I was concerned, if not apoplectic, to read the comments from our defence minister, Senator David Johnston, on Friday, February 7. ‘I have not said much because I have to confess I was extremely angry and have required a period of time to cool off,’ he said.
The cause of his rage? The way the ABC had covered stories about the treatment of asylum seekers by ‘my [sic] Navy personnel’. In Johnston’s view, his navy had been ‘maliciously maligned by the ABC’.
Perhaps we should consider replacing such a minister with one who does not allow themselves the indulgence of being too overcome with anger to comment on relevant issues. It is hardly a comfort if a report that could reflect badly on some members of our defence force will force the minister to go AWOL for days on end to regain his composure.
The ABC reports that so antagonised Johnston, which concerned allegations that navy personnel were unacceptably aggressive towards unarmed asylum seekers in a boat on the high seas, would not look good for the Australian Navy if they were proved true. This is the same navy that evidently has difficulty understanding the navigational equipment in their crafts: despite initially denying the claims, Immigration Minister Scott Morrison was eventually compelled to concede that the Australian Navy has recently – more than once – unintentionally and without permission strayed into Indonesian waters. As Laura Tingle wondered in the Australian Financial Review on January 24, ‘Sorry, but is the government and Defence seriously telling us that our Navy is so utterly incompetent that it keeps accidentally going into someone else’s sovereign waters?’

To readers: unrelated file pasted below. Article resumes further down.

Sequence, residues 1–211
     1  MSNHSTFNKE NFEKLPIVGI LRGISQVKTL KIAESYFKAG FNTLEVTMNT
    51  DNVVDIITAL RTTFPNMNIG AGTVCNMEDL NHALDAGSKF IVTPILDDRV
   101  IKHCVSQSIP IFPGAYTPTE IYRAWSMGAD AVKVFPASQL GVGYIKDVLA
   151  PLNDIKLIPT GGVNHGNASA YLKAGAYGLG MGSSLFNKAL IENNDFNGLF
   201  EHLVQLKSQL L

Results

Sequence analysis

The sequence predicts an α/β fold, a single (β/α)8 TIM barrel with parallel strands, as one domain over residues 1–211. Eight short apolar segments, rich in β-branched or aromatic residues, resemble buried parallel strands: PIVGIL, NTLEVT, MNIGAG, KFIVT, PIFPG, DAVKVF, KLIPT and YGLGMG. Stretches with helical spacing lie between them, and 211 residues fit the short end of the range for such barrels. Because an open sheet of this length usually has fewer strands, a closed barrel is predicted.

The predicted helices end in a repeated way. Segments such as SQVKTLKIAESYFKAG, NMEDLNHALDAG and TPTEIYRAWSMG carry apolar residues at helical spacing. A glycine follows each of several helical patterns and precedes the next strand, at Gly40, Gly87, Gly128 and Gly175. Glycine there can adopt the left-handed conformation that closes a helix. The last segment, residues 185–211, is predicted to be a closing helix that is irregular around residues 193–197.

Is it any wonder, then, that I would feel more secure if our highly trained naval personnel were operating under the command of a minister who doesn’t need to take several days to compose himself before dealing with a serious allegation? One who, at the end of his self-imposed time-out, then outright rejects the allegations rather than have them investigated?